All that said, the whole “marriage of old and new” theme and the social relevancy really are just the backdrop to what this show is really about – Bruce Wayne handing the mantle over to Terry McGuiness as the two partner up to fight the good fight. Their relationship is incredibly well developed, and follows a logical progression throughout the season. The two clearly are their own men, and it’s far from being just a generational gap. Terry isn’t the eager beaver that some of Bruce’s former protégés were, disobeys orders frequently, and even tells the old man that he’ll never end up like him. He’s also got a complicated family dynamic and personal life (in that he allows himself to have one) that Bruce never did. As for Bruce…well, he’s Bruce. Now, add forty years to that! But because of their differences, the two respect each other even more, and their partnership benefits from that. Over time, Bruce scales back on the micromanaging, and allows Terry to follow his instincts more; while Terry tucks his rebellious streak away and trusts in the Old Man’s wisdom and experience more readily. And that – in my opinion – is really the most interesting part of the series, watching Terry go from being just an extension of Bruce (in the field taking orders from the Batcave) to actually becoming Batman and working with Bruce as an equal.
Batman Beyond is a Bruce Timm series, and it has the patented Bruce Timm look and feel forged during the first Batman the Animated Series and carried all the way through to Justice League Unlimited.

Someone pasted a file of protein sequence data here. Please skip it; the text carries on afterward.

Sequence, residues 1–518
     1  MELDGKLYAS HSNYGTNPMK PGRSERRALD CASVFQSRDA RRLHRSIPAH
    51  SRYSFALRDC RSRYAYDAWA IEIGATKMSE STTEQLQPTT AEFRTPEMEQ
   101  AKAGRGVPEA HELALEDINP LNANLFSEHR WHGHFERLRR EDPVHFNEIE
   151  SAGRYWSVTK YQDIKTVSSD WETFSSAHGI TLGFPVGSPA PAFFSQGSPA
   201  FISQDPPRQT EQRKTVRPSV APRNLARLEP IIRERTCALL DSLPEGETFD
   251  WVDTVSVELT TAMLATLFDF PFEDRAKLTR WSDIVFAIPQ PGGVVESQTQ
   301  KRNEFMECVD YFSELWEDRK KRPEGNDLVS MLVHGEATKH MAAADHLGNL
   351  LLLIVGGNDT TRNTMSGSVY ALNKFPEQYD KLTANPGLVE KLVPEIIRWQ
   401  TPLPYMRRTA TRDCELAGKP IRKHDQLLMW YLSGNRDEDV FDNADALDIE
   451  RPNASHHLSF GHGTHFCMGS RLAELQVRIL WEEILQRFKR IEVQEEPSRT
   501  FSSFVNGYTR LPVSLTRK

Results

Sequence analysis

If you don’t know what I’m talking about then God help you. Seriously.
The main extra is a short (and I mean short) feature called “Inside Batman Beyond,” basically a round-table with the series’ creators. It’s not bad, but it really is just a Cliff Notes compression of the information you’ll get from the two commentary tracks – production history, anecdotes, character designs, themes. Then again, if you’re someone like me (someone who hates commentary tracks) this little feature serves its purpose.
It would have been nice perhaps to have a feature about Darwyn Cooke, who designed the sharp looking opening credit sequence and was one of the primary storyboard artists for the show during its run. But, no dice. Maybe on Volume Two? One can hope.
Far and away, Paul Newman’s best performance. As for
Batman Beyond Season One… it’s far and away Paul Newman’s best